This was women's rugby league at the elite level and it produced a game which was much more enjoyable than a lot of NRL games have been this year. One key difference in the officiating was the absence of the "six again" rule. Each team would generally have their six tackles to gain territory or mount an attacking raid before turning to a kick. Completions and skill with the ball determined the dominant team, not the whim of a referee trying to impress by punishing random infringements on the fly.
New South Wales Sky Blues looked the better of the two for large parts of the night, but blew several scoring opportunities to leave the scoreline evenly matched for most of the game.
Just when you thought you were watching rugby league as it should be, the bunker said "hold my beer" and ruled a ridiculous black and white interpretation of the obstruction rule to disallow a late Queensland try.
The referee wasn't done either, awarding a match-winning penalty in front of the posts to the Maroons. The ruck had been sloppy at best for most of the night, but a three-player tackle five metres out was ruled too unruly and the Blues were penalised. It was a disappointing way to end the game, but considering the obstruction call, justice was ultimately served.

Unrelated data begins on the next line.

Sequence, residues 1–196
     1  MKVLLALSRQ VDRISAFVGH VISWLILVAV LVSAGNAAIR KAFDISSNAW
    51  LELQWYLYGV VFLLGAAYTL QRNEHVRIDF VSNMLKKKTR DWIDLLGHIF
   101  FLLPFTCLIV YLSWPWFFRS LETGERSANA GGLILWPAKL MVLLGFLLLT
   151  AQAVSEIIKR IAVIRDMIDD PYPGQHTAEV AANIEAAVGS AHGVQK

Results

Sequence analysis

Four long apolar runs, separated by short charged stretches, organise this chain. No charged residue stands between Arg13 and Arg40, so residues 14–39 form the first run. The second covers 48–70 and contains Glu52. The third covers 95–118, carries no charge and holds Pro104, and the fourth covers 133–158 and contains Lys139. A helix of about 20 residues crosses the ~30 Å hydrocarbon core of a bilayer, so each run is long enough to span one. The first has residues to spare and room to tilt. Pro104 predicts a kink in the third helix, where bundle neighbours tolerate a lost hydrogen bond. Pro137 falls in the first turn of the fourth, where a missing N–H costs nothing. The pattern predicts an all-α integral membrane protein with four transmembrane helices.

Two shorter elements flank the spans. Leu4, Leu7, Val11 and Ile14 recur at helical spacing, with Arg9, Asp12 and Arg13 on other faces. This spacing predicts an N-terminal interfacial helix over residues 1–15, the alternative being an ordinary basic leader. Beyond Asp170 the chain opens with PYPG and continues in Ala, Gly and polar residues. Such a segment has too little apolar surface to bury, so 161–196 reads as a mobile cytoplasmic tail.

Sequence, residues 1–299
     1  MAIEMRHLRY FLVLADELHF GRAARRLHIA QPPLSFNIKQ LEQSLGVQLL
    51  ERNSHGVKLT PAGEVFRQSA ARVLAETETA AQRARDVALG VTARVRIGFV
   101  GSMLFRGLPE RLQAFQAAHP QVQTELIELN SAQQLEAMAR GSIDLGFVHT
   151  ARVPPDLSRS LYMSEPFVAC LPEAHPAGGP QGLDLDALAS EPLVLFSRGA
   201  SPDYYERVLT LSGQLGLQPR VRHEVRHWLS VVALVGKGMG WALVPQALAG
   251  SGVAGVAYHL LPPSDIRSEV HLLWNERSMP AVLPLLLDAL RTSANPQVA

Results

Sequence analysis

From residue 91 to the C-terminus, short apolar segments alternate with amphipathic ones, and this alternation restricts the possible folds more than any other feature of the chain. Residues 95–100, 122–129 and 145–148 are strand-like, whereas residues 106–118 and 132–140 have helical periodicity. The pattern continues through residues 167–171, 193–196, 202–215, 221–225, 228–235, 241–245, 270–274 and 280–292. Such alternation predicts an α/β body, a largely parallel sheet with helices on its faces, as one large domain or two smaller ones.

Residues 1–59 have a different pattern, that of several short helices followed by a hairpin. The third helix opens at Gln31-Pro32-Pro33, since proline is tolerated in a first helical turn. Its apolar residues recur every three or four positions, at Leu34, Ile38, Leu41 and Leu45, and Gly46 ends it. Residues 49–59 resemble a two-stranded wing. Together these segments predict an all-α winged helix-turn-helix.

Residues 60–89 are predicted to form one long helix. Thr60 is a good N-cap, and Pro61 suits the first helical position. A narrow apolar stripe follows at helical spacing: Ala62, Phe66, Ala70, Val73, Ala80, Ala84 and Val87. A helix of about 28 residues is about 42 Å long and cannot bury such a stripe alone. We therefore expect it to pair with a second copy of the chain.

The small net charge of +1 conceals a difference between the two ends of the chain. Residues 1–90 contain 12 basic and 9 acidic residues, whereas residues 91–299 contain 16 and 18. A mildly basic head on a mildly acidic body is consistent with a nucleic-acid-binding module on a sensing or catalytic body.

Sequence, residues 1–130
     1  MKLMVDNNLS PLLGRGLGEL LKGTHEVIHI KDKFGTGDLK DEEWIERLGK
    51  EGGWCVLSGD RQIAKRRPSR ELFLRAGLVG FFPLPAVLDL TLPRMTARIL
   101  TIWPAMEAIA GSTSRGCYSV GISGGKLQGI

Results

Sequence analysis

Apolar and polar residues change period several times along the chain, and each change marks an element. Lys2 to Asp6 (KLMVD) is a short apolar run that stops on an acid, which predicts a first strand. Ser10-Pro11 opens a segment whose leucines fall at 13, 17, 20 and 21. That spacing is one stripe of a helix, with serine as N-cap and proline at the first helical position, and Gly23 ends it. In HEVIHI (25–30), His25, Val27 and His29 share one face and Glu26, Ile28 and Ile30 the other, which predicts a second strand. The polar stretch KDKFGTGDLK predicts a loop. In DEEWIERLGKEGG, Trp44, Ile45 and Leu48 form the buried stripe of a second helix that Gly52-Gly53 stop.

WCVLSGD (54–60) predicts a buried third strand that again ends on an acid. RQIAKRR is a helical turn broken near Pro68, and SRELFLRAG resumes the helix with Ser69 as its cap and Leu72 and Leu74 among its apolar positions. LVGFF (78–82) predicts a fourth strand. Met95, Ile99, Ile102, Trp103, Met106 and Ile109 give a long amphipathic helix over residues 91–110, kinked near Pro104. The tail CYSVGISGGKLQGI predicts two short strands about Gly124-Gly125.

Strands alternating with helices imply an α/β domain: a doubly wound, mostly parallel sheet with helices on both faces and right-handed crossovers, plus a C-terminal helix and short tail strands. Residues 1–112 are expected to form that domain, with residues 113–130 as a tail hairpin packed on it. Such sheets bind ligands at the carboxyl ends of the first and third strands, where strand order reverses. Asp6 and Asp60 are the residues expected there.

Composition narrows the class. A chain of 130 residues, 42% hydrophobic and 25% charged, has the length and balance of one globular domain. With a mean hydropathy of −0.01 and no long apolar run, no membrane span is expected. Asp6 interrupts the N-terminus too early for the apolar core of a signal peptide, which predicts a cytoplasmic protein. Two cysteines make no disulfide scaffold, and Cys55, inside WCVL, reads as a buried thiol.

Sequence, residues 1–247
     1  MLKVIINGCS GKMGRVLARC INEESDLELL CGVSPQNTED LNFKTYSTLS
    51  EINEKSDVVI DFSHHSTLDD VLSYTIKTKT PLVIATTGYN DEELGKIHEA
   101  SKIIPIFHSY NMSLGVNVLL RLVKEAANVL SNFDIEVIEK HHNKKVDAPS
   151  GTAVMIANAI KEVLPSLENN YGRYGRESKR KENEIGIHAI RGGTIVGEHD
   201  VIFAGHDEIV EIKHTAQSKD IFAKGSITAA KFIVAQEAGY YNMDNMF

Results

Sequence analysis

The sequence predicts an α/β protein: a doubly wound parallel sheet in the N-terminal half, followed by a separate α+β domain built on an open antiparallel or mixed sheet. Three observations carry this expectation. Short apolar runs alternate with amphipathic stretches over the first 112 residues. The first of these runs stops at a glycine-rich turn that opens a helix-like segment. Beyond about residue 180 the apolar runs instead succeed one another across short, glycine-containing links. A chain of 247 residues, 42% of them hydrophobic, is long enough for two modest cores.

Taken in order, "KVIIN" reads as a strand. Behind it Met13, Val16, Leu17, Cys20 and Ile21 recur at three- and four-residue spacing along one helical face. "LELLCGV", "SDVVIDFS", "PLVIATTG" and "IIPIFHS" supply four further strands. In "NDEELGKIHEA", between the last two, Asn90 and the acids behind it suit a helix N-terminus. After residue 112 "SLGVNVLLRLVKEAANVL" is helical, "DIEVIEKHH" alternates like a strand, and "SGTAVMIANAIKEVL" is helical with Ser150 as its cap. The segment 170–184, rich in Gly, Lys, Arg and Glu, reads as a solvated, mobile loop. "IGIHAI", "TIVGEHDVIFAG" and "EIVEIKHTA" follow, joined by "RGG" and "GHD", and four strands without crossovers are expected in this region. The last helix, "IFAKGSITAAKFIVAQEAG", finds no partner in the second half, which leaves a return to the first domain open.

Handover: Blues domination complete
Never before in State of Origin history has a team so convincingly wrapped up the series in two games. The Blues scored 76 points across the two games, but more impressively conceded just six.
Coach Brad Fittler said after the Game I thumping that his favourite play of the night was a scrambling try-saving effort from Isaah Yeo and Brian To'o, despite the result being well and truly in the bag.
He would have been over the moon with the Blues' Game II try-line desperation. There were two perfect examples on either side of the field in the second half. Trbojevic cut across his line in cover to thump the outstretched arm of Xavier Coates, jarring the ball loose just as he was about to plant it in the corner. While To'o was just as impressive in knocking the ball from the grasp of Kyle Feldt as he was set to score after regathering a kick through the defensive line.
Scoring 76 points across two games makes any team hard to beat. Conceding just six points makes it impossible.